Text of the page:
Platt credits Westport with guiding him and his brother toward busy careers in classical music. His brother, composer Russell Platt, recently stepped away as curator for chamber music at the Westport Arts Center, prompting Alexander Platt to take up the torch in the hopes he can give something back to the town.
After his Westport upbringing, Alexander Platt attended Yale University and spent three years at King’s College, Cambridge on a Marshall Scholarship. Returning to the United States, Platt landed in the Midwest launching his career as a conductor and music director. He is now the music director of the Wisconsin Philharmonic and the nearby La Crosse Symphony Orchestra, but passes summers in charge of of Maverick Concerts, an over 100-year-old summer chamber music festival in Woodstock, N.Y.
Platt began with Maverick Concerts 15 years ago after his brother mentioned it and the two ventured there, finding a “charming” festival in a chapel-like building in the forest that Platt fell in love with. The program has since grown into a thriving eclectic festival with a “utopian atmosphere,” he described. It drew him back to an area reminiscent of his upbringing, a community with a rich arts history — Westport.
As the curator of Westport Arts Center’s new concert series, a September to May program of five concerts, Platt aims to bring people together and serve as a “tour guide” through the series. As the program transitioned last season, Platt co-curated alongside his brother.
“Our thought was to bring Alexander’s talents more into the fold with our entire programming area for WAC and to have him be the lead for the whole program,” WAC Executive Director Amanda Innes said.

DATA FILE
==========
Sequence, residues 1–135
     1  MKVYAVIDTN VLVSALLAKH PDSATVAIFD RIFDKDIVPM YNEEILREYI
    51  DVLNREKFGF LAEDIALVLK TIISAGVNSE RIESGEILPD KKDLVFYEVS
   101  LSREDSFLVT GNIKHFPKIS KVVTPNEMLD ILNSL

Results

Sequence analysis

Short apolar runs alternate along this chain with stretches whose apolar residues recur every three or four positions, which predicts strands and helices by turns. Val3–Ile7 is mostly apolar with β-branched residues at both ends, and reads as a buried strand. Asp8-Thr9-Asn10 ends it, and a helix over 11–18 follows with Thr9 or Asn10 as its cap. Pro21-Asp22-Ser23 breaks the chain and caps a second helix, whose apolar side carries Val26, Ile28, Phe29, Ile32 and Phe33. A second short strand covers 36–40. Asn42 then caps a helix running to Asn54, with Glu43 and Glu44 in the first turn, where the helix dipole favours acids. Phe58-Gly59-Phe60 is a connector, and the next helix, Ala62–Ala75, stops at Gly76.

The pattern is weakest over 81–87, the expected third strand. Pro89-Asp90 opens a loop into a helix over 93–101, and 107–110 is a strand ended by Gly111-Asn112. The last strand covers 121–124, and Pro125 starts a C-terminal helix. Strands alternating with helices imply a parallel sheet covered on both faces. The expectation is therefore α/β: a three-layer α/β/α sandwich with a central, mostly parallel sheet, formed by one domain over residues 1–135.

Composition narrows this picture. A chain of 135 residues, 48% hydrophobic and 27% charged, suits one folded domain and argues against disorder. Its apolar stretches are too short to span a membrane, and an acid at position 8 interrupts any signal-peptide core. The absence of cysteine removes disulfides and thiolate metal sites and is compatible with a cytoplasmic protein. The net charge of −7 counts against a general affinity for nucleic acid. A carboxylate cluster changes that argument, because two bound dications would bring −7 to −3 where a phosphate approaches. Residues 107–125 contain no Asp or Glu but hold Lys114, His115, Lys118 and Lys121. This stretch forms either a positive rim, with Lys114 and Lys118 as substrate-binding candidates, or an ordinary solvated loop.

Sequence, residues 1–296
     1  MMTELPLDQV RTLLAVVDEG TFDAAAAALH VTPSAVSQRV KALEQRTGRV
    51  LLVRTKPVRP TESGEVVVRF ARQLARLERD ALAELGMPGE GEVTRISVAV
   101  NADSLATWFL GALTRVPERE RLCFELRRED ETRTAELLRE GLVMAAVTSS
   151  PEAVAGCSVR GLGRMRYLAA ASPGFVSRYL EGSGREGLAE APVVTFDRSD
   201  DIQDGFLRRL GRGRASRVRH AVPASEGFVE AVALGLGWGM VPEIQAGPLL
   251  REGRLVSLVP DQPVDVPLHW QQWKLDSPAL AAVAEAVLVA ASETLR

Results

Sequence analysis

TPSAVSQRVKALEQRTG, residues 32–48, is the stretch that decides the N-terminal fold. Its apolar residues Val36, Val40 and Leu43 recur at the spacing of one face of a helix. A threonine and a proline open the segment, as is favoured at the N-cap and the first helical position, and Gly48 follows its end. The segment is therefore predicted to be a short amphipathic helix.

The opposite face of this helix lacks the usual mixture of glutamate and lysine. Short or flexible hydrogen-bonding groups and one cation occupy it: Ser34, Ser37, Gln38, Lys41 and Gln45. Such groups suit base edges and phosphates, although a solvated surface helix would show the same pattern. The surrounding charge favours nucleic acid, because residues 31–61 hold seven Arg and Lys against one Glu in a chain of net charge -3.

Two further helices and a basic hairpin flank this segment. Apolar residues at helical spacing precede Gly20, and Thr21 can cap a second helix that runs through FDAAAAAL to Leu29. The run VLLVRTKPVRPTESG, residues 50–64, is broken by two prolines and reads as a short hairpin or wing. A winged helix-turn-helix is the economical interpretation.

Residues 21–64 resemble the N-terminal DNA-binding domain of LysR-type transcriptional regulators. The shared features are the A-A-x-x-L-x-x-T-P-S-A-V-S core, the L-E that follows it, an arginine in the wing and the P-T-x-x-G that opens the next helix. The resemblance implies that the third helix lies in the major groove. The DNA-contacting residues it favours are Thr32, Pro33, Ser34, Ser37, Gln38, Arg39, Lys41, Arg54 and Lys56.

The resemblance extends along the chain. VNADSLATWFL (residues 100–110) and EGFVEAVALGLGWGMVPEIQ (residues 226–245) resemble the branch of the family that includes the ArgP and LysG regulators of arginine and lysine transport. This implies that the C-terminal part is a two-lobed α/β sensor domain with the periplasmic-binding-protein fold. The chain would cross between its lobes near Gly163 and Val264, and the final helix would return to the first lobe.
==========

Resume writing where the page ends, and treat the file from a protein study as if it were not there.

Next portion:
In merging the jazz and chamber music programs into a single series with a combined budget, she said the arts center hopes to bring in higher-level performers on a more consistent basis. Platt will be available before and after each concert for conversations with the audience, and he is also working to form a consortium of local music organizations to collaborate.
The Suzuki School of Music, Westport Library and Westport Center for Senior Activities have signed on. At the Suzuki School, the arts center plans to bring its performers for workshops, and at the senior center, it plans to have Platt hold advance conversational talks about the concert series and upcoming performers.
Innes added of bringing Platt on as curator, “Westport will reap the benefit of his time and talent.”
Through 25 years in classical music, one of Platt’s high points was serving as resident conductor and music adviser of the Chicago Opera Theater from 2001-2012.
Another highlight was a recording he did with the Scottish Chamber Orchestra and violinist Rachel Barton Pine. He recognizes “Scottish Fantasy” from time to time on the radio, which even gets frequent play on local public radio station WSHU.
He recounted, too, a collection of moments in Wisconsin building orchestras and working with an array of people to create something “lasting and beautiful.” When the arts succeed in America, Platt said, it’s because of great vision but equally because of a great team from a board of directors to musicians to the audience.
“My role has always been to kind of be the enabler,” he added, “to stoke the fire and bring people together around a great goal.”